Open Access Open Badges Research

Cost of illness and economic burden of chronic lymphocytic leukemia

Carl Rudolf Blankart1*, Taika Koch1, Roland Linder2, Frank Verheyen2, Jonas Schreyögg1 and Tom Stargardt1

Author Affiliations

1 Hamburg Center for Health Economics, Universität Hamburg, Esplanade 36, D-20354, Hamburg, Germany

2 WINEG—Scientific Institute of the Techniker Krankenkasse (TK) for Benefit and Efficiency in Health Care, Bramfelder Straße 140, D-22305, Hamburg, Germany

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Orphanet Journal of Rare Diseases 2013, 8:32  doi:10.1186/1750-1172-8-32

Published: 20 February 2013



Chronic lymphocytic leukemia (CLL) is a slowly progressing but fatal disease that imposes a high economic burden on sickness funds and society. The objective of this study was to analyze and compare the direct and indirect costs of CLL in Germany from the perspective of the sickness funds and society and analyze the burden of the disease.


Using a database of 7.6 million enrolled individuals, we identified 4198 CLL patients in 2007 and 2008. The costs attributable to CLL were estimated using a case–control design with a randomly selected control group of 150 individuals per combination of age and sex. We used the bootstrap approach to estimate uncertainties in costs estimated. We employed generalized estimating equation regression models and count data models to test for differences in costs and healthcare utilization.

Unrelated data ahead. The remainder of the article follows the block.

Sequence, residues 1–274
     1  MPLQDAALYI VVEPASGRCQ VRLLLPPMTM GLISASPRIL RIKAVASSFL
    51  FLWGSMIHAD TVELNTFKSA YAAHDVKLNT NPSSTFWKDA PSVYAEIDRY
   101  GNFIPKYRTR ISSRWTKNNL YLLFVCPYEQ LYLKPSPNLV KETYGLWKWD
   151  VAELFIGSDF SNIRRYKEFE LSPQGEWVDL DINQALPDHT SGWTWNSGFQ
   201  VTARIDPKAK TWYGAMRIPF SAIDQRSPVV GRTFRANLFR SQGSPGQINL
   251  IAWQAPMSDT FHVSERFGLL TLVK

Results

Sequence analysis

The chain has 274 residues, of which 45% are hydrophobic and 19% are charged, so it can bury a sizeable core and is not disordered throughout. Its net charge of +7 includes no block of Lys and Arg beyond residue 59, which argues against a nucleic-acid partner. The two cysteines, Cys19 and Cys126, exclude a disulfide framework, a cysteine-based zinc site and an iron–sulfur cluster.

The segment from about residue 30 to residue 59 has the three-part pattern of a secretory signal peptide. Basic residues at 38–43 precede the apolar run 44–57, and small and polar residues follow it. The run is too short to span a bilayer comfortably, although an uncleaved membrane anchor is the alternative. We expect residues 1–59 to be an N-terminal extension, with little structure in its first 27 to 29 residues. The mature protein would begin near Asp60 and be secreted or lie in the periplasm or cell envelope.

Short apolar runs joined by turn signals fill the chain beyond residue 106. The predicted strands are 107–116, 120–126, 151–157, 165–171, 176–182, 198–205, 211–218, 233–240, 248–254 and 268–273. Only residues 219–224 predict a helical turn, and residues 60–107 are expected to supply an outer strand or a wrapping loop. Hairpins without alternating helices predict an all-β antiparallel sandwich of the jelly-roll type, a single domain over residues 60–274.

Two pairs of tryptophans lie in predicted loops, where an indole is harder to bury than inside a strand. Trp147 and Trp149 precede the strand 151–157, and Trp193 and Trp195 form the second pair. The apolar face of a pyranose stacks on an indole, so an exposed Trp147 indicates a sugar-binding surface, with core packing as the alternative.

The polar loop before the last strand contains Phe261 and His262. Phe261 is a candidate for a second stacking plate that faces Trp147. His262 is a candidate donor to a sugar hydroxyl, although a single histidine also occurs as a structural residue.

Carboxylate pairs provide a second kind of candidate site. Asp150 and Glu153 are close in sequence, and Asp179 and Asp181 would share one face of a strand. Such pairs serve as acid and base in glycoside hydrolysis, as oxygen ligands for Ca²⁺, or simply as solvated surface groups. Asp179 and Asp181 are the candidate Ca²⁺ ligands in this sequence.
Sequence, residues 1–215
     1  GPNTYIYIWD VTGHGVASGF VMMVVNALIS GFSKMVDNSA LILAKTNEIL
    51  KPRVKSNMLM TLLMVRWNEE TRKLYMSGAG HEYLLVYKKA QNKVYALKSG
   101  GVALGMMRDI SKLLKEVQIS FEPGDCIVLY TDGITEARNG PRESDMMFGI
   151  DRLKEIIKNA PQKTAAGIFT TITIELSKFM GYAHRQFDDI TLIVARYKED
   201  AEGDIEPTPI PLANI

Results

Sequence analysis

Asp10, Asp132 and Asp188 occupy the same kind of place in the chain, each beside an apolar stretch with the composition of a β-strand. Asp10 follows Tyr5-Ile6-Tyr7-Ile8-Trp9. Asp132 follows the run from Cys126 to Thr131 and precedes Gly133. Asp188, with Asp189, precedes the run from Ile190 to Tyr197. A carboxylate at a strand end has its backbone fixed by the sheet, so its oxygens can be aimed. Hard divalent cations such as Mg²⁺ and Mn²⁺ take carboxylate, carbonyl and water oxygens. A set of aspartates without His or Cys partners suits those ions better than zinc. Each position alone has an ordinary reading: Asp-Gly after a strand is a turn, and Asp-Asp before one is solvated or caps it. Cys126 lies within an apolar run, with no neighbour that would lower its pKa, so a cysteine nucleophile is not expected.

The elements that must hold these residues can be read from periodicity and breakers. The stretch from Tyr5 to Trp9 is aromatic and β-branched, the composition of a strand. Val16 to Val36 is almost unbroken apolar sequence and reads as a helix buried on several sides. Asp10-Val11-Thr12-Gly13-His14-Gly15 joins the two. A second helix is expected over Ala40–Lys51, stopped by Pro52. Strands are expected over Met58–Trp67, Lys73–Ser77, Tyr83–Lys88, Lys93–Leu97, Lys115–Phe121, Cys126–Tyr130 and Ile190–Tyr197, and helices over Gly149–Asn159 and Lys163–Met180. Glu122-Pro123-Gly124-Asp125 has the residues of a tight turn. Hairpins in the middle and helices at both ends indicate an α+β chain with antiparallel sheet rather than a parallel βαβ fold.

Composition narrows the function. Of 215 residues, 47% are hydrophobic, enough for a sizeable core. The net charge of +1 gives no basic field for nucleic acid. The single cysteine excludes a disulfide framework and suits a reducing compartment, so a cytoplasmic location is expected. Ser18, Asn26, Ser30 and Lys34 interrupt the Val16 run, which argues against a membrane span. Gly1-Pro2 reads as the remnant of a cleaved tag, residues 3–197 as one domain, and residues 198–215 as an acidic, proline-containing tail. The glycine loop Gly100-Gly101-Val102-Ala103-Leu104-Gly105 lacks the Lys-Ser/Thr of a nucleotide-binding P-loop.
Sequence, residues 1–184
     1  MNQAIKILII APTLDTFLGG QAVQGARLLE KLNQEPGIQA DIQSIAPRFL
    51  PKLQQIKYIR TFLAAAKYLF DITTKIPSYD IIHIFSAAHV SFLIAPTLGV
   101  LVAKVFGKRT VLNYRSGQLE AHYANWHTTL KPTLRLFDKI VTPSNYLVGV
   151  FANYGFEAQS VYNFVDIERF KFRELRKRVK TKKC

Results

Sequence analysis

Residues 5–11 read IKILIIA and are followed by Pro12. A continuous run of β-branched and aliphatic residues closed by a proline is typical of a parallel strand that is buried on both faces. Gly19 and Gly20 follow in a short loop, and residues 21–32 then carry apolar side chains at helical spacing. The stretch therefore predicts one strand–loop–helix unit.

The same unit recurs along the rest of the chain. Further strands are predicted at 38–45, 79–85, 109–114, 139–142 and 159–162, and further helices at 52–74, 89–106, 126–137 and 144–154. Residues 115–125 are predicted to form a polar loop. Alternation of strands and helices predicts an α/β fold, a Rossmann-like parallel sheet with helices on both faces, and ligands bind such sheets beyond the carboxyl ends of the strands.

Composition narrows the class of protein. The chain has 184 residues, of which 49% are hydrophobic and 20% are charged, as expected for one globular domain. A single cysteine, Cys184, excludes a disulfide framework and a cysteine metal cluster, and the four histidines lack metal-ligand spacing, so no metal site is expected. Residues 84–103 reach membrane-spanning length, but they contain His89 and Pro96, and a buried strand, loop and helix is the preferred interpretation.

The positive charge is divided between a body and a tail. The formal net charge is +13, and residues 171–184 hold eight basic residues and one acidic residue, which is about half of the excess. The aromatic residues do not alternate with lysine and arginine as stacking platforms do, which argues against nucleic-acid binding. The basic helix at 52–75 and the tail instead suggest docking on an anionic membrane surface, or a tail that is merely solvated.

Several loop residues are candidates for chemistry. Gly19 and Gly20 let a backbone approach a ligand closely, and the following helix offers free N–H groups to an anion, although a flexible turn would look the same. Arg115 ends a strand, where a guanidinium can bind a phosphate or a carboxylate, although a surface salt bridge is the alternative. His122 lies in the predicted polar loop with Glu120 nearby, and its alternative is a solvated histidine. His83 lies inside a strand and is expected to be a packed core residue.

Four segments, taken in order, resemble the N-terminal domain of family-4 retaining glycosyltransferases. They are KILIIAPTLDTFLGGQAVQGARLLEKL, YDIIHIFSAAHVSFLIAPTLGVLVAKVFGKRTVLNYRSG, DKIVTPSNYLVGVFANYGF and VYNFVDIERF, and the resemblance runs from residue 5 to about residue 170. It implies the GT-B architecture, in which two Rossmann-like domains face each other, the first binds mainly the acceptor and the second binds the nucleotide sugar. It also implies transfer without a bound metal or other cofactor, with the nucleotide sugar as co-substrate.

The cost attributable to CLL for each prevalent case amounts to €4946 from the payer’s perspective and €7910 from a societal perspective. Inpatient hospital stays and pharmaceuticals are the main cost drivers of the disease. The economic burden of disease in Germany was estimated to be approximately €201 million per year for the sickness funds and €322 million for society.


Compared with common diseases, such as diabetes or COPD, the economic burden of CLL is considerably lower. However, the cost of treatment per case is about twice as high as the cost per case for these common diseases, even though treatment is only performed in the later stages of CLL. With new healthcare technologies, the aging population, and the increasing incidence of the disease, it is likely that the economic burden of the disease will continue to grow.

CLL; Routine data; Administrative data; Economic evaluation; Case–control design; Elixhauser comorbidity groups